Stress was defined by Hans Selye in the 1950's as the "wear and tear on the body by anything - either positive or negative." When Dr. Selye studied stress there was not a lot of research documenting the health problems related to stress. We now know that stress and the changes in the body caused by chronic stress, in particular, are related to risk for colitis, high blood pressure, ulcers and a long list of other health problems. The stress response described by Selye includes the release of adrenaline in acute stress and the overproduction of cortisol during periods of chronic stress.
Burnout is related to stress but somewhat different. Christina Maslock defined the stages of burnout as including: 1) emotional exhaustion and physical depletion; 2) depersonalization or loss of empathy / compassion fatigue and 3) decrease in the ability to function. Joan Borysenko, PhD in her book, Fried: Why You Burn Out and How to Revive describes burnout as a loss of spark, creativity and passion. When we burnout, we can become aggressive, angry, tired and cynical. Burnout can look a lot like depression but cannot be cured with medication.
Burnout can have its roots in childhood. Studies show that children who were bullied, who experienced abuse or neglect, had a parent in prison, lived in a home where there was mental illness, violence, substance abuse or the loss of a parent through any cause were more prone to develop diseases such as emphysema, mental health problems, substance abuse and obesity. These childhood experiences can predispose to burnout and the associated health and psychological problems in adolescence and adulthood.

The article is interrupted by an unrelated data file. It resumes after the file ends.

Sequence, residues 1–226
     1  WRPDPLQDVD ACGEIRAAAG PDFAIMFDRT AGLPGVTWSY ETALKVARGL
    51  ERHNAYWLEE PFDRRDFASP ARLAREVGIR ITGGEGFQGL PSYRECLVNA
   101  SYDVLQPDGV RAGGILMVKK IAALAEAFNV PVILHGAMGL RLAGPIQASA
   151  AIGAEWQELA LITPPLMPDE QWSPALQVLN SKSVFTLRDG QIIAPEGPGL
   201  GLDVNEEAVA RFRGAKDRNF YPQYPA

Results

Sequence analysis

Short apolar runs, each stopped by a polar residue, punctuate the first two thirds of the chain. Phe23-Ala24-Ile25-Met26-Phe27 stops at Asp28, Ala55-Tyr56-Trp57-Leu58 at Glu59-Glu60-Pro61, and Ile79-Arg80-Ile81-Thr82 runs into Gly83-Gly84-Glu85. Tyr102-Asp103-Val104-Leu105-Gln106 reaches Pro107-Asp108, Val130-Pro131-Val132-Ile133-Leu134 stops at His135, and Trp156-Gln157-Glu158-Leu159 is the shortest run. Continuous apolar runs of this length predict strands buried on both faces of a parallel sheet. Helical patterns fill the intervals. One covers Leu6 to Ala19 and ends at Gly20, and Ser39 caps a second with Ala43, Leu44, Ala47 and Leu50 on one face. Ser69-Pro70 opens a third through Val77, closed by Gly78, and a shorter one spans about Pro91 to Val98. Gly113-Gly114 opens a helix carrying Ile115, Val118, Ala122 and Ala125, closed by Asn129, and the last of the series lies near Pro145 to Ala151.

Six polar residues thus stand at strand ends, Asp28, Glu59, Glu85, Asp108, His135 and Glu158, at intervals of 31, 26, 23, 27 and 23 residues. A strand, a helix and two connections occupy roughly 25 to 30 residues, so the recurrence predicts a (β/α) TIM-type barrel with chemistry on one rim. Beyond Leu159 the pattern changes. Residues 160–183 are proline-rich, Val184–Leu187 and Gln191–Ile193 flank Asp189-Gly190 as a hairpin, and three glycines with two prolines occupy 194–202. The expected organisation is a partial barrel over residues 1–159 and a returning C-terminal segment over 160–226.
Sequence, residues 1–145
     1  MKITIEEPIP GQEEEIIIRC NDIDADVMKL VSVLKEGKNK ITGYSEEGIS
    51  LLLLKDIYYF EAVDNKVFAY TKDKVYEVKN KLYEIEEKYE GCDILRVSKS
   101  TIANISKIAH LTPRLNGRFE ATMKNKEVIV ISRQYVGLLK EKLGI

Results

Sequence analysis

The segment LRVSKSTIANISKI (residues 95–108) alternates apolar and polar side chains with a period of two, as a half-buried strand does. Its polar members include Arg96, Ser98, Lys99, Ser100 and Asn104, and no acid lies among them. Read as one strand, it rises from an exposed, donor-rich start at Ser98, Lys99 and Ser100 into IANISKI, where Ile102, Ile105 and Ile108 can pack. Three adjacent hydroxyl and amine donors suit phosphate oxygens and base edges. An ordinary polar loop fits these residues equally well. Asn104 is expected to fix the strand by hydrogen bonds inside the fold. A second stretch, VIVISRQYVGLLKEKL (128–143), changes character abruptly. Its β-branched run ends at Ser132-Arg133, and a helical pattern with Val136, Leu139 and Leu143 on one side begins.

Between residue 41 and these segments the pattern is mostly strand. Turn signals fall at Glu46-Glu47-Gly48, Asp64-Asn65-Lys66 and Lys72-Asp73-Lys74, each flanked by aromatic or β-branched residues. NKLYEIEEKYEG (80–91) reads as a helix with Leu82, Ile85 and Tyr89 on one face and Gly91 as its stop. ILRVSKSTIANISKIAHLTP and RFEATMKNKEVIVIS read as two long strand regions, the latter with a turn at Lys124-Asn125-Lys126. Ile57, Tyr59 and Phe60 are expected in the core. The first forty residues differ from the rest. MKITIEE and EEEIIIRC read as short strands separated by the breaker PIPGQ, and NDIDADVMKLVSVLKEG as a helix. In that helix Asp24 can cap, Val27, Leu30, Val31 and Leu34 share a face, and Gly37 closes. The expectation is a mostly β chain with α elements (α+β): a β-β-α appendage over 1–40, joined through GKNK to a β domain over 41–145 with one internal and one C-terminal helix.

Burnout is caused by job stress, electronic and information overload, the uncertainty we experience in our personal lives and in our economy, difficulties with children and any of life's stressors. Once you burnout though you lose perspective on what matters most to you. This affects your ability to think clearly about any of your problems and affects overall quality of life.
I have experienced burnout on more than one occasion which is not surprising. Individuals in the helping professions are at high risk for burnout as they spend most of their time overworking to help others. Often they are working in a field they are passionate about and are driven by their ideals but can lose sight of other aspects of their life.
You'll know you are burned out if:
If you find yourself in burnout the first thing to do is STOP and REFLECT. Spend some time away from the stressful situations in your life. Take some time out to reflect and restore yourself. Often being in nature helps. Assess who and what in your life is draining your energy. You may have friends who are a constant energy drain. Perhaps it's time to let them go or let go of activities / volunteer or charity work that is draining you. Learn to JUST SAY NO. Women especially have a hard time doing this because we've been socialized to please others. Connect with your authentic self through your spirituality or through nature. You may need to address patterns or experiences from childhood that make you more prone to burnout.
Dr. Borysenko says:
"Revival from burnout is always about the recovery of lost authenticity. It's waking up to who we really are and realizing that heaven is not a destination, but a state of mind. If being fried can bring us to the point where we reconnect to our own true nature, then it's worth every moment of separation to rediscover that heaven that has been inside of us all along."